HomeLatest NewsFederal NewsHHS announces national strategy to improve maternal mental health care

HHS announces national strategy to improve maternal mental health care

The U.S. Department of Health and Human Services (HHS) announced the release of a national strategy today, with recommendations developed by the Task Force on Maternal Mental Health, a subcommittee of the Substance Abuse and Mental Health Services Administration’s (SAMHSA) Advisory Committee for Women’s Services, to address the urgent public health crisis of maternal mental health and substance use issues. The Report to Congress and accompanying National Strategy to Improve Maternal Mental Health Care are part of broader federal efforts to address women’s overall health, and maternal health in particular, across the nation, consistent with the White House Blueprint for Addressing the Maternal Health Crisis and the White House Initiative on Women’s Health Research.

The United States has the highest maternal mortality rate among high-income countries. Deaths from suicide, drug overdoses, and other causes related to mental health and substance use issues are the leading cause of pregnancy-related deaths in the U.S., accounting for more than 22% of those deaths. An estimated one in five individuals are impacted by mental health conditions – including mood disorders, anxiety disorders, trauma-related disorders, obsessive-compulsive disorder, and postpartum psychosis – and substance use disorders (SUD) during pregnancy and the postpartum period and disproportionately affect Black and American Indian/Alaska Native individuals and others in under-resourced communities.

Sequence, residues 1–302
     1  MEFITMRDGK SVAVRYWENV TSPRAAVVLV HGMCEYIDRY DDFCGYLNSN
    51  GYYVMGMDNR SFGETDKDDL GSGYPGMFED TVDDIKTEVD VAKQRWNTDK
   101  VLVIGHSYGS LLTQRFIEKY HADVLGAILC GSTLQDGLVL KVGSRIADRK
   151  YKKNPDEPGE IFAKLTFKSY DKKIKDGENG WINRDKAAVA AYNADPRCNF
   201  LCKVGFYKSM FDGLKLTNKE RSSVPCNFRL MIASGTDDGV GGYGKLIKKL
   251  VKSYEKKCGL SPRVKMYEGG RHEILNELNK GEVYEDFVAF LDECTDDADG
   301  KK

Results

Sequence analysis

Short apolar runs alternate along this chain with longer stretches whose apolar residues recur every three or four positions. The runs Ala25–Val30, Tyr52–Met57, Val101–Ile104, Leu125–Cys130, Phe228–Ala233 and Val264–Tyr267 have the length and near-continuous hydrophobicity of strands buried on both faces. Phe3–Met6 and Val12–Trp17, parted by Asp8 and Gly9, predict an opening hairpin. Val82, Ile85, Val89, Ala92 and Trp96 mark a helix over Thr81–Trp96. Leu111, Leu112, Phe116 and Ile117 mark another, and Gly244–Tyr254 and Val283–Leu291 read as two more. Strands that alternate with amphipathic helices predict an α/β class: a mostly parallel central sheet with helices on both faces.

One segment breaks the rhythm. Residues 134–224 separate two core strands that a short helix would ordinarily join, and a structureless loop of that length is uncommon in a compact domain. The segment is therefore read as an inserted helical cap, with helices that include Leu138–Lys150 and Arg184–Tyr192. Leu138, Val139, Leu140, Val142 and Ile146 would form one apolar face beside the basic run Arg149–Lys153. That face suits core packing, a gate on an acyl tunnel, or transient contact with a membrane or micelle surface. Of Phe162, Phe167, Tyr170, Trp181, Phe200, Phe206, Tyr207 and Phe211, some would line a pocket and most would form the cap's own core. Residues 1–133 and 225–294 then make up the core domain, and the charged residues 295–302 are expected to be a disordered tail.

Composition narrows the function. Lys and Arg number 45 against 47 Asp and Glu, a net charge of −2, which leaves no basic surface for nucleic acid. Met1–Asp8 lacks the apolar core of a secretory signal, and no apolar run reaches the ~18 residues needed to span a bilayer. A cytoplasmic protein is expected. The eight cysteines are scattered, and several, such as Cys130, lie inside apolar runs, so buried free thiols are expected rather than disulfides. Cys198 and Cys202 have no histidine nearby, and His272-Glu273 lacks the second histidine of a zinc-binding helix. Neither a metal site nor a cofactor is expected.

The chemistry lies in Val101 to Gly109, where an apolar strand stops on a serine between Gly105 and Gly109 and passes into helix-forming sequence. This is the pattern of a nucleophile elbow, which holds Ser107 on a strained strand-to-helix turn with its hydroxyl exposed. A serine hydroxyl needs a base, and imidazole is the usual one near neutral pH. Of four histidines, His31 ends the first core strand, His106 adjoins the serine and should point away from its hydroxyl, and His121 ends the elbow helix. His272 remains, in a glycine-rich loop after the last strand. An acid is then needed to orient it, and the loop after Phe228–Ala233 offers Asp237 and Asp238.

“Addressing the maternal mental health crisis is a top priority for the Biden-Harris Administration. Many of these tragic deaths can be prevented by eliminating health disparities and understanding the impact of mental health during pregnancy and in the first months as a parent,” said HHS Secretary Xavier Becerra. “We want to address the challenges people are facing, decrease stigma associated with these challenges, and improve access to support both inside and outside of the health care system. I want to thank the task force for developing recommendations on how we can work to expand access to equitable treatment that will improve outcomes and help families thrive.”

The national strategy is a living document that will be regularly updated by the task force. The federal government will consider the strategy as it continues addressing the maternal mental health crisis.

Full article can be viewed by clicking here.

The National Maternal Mental Health Hotline provides free, confidential, 24/7 mental health support for moms and their families before, during, and after pregnancy. Counselors are available in English and Spanish, and interpreters are available to support callers in 60 other languages. Call or text 1-833-TLC-MAMA (1-833-852-6262).

If you or someone you know is struggling or in crisis, help is available. Call or text 988 or chat 988lifeline.org.

To learn how to get support for mental health, drug, and alcohol issues, visit FindSupport.gov. Anyone seeking treatment for mental health or substance use issues should call SAMHSA’s National Helpline at 800-662-HELP (4357) or visit findtreatment.samhsa.gov.

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